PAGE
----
Shares of StemCells, Inc.(NASDAQ:STEM) soared 11 percent to $2.17 on Friday, rising for the second consecutive day after the biotech group announced its plans to present data from a Phase I/II clinical trial testing its stem-cell therapy in the treatment of chronic spinal-cord injuries.
The data will be presented on Monday, Sept. 3, at the annual scientific meeting of the International Spinal Cord Society in London.
StemCells plans to hold a conference call for interested parties the following day to discuss the data. The stock has risen 6 percent in the last 30 days, and has soared 128 percent since the beginning of the year.
The presentation will include interim data from the study`s first cohort, which has three partially paralyzed patients being treated with STEM`s proprietary HuCNS-SC cells, the company said in a statement on Thursday.
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Researchers are looking for efficacy - measured by improvement in motor function, sensation, and bladder control - and safety in the first of three planned cohorts, each with more mild paralysis than the previous.
Analysts are expecting some positive results from the trial. If Monday`s data looks good for STEM, shares may climb higher on momentum, however, negative results will have disastrous effects on the stock.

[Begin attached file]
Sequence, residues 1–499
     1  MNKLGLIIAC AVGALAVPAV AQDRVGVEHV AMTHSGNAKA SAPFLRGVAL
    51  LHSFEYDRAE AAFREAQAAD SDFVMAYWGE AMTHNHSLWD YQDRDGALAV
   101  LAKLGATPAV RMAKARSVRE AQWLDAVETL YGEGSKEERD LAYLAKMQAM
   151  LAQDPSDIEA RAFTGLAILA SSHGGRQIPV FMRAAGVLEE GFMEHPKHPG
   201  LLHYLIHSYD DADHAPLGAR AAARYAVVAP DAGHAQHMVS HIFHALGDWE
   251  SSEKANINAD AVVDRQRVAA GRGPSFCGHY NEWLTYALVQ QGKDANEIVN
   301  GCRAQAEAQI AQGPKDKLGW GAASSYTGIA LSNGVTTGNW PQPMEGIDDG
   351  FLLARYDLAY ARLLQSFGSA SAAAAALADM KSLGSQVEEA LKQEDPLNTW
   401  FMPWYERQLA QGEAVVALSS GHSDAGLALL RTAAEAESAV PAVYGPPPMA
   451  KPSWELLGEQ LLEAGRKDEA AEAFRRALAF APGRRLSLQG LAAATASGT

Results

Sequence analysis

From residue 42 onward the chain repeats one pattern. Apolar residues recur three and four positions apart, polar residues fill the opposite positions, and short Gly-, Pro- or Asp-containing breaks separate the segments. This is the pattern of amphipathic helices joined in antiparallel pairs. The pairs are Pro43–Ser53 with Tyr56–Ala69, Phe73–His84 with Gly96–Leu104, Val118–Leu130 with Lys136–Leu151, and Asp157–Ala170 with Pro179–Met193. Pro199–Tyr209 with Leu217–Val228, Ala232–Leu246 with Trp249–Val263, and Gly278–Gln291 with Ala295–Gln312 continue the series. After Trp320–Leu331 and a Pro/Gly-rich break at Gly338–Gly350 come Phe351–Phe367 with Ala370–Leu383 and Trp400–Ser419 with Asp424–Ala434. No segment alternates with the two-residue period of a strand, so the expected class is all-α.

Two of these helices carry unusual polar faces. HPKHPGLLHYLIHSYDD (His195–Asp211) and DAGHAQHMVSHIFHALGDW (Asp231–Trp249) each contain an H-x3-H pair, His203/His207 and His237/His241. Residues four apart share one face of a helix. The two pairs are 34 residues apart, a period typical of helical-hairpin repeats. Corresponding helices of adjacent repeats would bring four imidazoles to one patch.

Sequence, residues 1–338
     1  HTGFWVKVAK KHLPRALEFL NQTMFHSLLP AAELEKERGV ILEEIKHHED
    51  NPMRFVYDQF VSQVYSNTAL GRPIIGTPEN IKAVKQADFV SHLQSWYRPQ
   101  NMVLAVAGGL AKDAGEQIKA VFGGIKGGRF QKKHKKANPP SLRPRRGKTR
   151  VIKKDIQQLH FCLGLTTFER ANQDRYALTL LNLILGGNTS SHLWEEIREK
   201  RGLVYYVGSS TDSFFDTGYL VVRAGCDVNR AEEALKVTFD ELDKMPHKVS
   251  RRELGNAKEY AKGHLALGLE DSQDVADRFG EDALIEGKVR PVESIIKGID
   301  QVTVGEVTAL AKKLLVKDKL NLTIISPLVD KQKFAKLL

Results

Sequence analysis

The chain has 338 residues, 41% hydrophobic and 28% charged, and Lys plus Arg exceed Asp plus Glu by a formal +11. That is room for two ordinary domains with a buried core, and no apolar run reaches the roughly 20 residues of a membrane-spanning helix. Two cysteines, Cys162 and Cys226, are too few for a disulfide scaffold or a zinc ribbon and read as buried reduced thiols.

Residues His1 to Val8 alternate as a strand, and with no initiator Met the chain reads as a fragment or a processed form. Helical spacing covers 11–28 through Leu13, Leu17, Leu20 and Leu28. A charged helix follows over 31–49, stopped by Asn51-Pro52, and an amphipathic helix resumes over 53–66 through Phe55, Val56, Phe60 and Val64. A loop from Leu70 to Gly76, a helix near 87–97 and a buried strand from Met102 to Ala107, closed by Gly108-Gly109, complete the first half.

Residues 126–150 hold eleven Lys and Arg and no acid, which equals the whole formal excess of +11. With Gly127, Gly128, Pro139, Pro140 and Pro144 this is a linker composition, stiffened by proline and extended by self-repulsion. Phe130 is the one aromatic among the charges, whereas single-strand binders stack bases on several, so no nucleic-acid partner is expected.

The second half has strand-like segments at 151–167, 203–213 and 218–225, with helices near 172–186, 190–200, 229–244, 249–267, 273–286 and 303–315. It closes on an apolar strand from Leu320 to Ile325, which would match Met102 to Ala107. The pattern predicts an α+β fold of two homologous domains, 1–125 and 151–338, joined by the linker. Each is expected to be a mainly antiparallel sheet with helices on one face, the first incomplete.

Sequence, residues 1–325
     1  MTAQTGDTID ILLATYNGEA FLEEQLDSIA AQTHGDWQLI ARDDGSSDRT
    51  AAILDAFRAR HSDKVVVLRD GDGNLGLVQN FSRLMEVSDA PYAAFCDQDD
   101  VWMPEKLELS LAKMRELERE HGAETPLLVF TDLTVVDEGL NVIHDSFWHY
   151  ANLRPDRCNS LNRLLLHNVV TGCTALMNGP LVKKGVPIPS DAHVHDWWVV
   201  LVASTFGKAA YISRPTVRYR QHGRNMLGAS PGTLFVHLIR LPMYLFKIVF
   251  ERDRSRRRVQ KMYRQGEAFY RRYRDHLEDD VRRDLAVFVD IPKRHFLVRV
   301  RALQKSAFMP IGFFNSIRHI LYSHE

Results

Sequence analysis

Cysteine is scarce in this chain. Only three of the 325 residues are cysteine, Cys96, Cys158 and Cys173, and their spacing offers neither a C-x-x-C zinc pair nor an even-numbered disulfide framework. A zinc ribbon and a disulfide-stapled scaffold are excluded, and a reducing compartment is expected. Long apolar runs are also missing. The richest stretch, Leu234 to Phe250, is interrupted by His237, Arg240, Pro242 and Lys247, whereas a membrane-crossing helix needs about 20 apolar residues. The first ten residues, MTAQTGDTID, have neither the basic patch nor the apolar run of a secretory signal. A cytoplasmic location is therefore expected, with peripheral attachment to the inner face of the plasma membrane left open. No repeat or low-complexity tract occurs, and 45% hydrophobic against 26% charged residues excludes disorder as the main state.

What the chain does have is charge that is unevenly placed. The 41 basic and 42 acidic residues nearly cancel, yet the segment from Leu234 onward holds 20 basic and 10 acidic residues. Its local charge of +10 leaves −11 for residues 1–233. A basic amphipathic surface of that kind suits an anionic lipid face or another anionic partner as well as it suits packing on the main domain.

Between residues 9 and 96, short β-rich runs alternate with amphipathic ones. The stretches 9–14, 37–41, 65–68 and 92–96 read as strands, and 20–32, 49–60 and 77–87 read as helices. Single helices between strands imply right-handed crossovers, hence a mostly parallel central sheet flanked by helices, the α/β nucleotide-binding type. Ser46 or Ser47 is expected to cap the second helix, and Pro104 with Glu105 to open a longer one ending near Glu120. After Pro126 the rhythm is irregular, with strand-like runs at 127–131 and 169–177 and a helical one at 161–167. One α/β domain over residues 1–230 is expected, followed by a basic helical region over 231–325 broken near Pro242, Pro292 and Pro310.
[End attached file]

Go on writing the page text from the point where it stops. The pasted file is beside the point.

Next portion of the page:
StemCells is engaged in the research, development, and commercialization of cell-based therapeutics and tools for use in stem cell-based research and drug discovery.
The company's lead therapeutic product candidate, HuCNS-SC(R) cells (purified human neural stem cells), is currently in development as a potential treatment for a broad range of central nervous system disorders.
In a Phase I clinical trial in Pelizaeus-Merzbacher disease (PMD), a fatal myelination disorder in children, and the company has shown preliminary evidence of progressive and durable donor-derived myelination in all four patients transplanted with HuCNS-SC cells.
The company is also conducting a Phase I/II clinical trial in chronic spinal cord injury in Switzerland and has reported positive interim safety data for the first patient cohort.